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PLoS Genet. 2017 Oct 4;13(10):e1007039. doi: 10.1371/journal.pgen.1007039. eCollection 2017 Oct.

The creation and selection of mutations resistant to a gene drive over multiple generations in the malaria mosquito.

Author information

1
Dept. of Life Sciences, Imperial College London, London, United Kingdom.
2
Polo d'Innovazione Genomica, Genetica e Biologia, Siena, Italy.
3
Department of Zoology, University of Oxford, Oxford, England.
4
Laboratory of Integrative Systems Medicine (LISM), Institute of Informatics and Telematics (IIT), CNR, Pisa, Italy.

Abstract

Gene drives have enormous potential for the control of insect populations of medical and agricultural relevance. By preferentially biasing their own inheritance, gene drives can rapidly introduce genetic traits even if these confer a negative fitness effect on the population. We have recently developed gene drives based on CRISPR nuclease constructs that are designed to disrupt key genes essential for female fertility in the malaria mosquito. The construct copies itself and the associated genetic disruption from one homologous chromosome to another during gamete formation, a process called homing that ensures the majority of offspring inherit the drive. Such drives have the potential to cause long-lasting, sustainable population suppression, though they are also expected to impose a large selection pressure for resistance in the mosquito. One of these population suppression gene drives showed rapid invasion of a caged population over 4 generations, establishing proof of principle for this technology. In order to assess the potential for the emergence of resistance to the gene drive in this population we allowed it to run for 25 generations and monitored the frequency of the gene drive over time. Following the initial increase of the gene drive we observed a gradual decrease in its frequency that was accompanied by the spread of small, nuclease-induced mutations at the target gene that are resistant to further cleavage and restore its functionality. Such mutations showed rates of increase consistent with positive selection in the face of the gene drive. Our findings represent the first documented example of selection for resistance to a synthetic gene drive and lead to important design recommendations and considerations in order to mitigate for resistance in future gene drive applications.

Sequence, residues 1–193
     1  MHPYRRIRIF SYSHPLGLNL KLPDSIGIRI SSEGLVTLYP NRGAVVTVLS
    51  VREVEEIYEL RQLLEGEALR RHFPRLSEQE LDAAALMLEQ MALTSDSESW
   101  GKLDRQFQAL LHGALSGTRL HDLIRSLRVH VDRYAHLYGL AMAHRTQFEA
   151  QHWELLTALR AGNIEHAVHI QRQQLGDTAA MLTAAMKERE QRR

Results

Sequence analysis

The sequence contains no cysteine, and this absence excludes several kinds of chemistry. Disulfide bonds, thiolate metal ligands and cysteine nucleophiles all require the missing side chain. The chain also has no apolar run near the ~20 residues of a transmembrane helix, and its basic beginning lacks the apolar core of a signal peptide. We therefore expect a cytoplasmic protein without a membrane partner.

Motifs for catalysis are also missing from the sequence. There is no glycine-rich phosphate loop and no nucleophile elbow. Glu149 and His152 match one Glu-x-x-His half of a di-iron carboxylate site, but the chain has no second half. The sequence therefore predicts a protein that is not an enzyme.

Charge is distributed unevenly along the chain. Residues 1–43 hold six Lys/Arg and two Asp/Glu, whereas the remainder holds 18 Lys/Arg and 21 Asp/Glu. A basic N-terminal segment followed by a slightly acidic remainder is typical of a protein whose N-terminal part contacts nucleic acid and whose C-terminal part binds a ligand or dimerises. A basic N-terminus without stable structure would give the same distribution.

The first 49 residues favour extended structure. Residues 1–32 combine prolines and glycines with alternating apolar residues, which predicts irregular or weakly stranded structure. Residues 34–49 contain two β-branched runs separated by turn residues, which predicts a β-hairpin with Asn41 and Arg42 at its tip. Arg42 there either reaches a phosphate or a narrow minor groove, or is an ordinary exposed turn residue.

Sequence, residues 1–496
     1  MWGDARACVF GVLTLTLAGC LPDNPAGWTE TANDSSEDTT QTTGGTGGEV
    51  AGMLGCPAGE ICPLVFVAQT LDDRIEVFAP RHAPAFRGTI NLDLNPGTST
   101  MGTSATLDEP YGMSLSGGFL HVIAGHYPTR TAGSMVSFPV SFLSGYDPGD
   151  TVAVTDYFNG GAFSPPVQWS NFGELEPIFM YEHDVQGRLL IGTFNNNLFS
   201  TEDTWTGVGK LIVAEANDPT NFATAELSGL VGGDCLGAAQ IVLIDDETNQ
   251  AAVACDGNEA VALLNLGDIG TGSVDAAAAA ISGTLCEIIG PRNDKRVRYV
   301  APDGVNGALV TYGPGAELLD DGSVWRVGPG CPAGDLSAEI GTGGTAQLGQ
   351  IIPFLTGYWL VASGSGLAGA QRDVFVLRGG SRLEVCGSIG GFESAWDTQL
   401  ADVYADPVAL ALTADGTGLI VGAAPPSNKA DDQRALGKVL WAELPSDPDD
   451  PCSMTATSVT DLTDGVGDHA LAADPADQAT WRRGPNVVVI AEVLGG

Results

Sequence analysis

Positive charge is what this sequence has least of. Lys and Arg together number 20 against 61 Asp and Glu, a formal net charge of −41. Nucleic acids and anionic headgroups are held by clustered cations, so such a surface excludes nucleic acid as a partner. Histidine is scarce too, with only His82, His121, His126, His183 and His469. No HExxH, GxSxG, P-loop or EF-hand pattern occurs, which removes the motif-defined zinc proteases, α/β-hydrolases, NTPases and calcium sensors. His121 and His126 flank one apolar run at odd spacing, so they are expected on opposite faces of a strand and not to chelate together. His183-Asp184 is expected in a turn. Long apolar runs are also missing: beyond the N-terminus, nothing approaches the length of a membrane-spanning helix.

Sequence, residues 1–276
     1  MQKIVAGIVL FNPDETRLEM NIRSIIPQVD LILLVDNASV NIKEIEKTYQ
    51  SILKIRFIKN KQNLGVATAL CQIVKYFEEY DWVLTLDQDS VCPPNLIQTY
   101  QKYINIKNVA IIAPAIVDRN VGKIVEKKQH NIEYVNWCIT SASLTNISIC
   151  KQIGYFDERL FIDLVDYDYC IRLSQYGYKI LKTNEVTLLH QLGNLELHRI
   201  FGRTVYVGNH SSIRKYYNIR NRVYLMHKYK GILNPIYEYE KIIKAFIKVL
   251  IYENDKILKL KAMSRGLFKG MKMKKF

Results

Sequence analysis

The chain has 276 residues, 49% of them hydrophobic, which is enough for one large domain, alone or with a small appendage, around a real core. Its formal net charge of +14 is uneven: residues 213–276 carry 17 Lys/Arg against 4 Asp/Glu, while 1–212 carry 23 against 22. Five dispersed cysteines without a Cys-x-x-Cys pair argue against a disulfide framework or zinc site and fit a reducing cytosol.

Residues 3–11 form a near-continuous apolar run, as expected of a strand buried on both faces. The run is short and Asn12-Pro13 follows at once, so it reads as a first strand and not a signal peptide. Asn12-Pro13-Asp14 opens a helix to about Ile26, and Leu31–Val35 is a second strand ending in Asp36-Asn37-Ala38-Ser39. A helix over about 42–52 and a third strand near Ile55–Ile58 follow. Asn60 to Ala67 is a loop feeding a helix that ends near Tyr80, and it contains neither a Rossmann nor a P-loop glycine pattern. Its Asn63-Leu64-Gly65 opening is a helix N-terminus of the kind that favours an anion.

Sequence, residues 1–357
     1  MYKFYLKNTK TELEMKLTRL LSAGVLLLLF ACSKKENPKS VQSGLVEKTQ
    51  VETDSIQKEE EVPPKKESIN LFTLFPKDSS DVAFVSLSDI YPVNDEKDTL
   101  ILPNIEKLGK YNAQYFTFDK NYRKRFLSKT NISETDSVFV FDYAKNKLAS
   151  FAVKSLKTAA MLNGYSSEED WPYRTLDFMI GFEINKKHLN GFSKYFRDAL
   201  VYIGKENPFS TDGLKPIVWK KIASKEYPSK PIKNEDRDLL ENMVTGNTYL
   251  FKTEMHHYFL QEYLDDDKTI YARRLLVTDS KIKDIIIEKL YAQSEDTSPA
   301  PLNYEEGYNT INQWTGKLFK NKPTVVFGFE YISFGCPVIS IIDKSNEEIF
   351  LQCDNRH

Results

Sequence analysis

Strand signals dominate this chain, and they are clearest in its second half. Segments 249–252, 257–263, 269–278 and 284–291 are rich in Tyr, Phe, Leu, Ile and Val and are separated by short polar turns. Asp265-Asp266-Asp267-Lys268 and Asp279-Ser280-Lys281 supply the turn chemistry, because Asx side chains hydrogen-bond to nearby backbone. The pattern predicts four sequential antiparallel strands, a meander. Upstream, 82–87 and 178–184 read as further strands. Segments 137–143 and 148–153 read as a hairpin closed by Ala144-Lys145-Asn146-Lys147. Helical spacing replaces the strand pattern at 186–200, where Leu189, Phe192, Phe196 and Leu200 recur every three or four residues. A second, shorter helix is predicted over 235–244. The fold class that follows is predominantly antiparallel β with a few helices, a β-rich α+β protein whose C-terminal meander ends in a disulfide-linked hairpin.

PMID:
28976972
PMCID:
PMC5648257
DOI:
10.1371/journal.pgen.1007039
[Indexed for MEDLINE]
Free PMC Article

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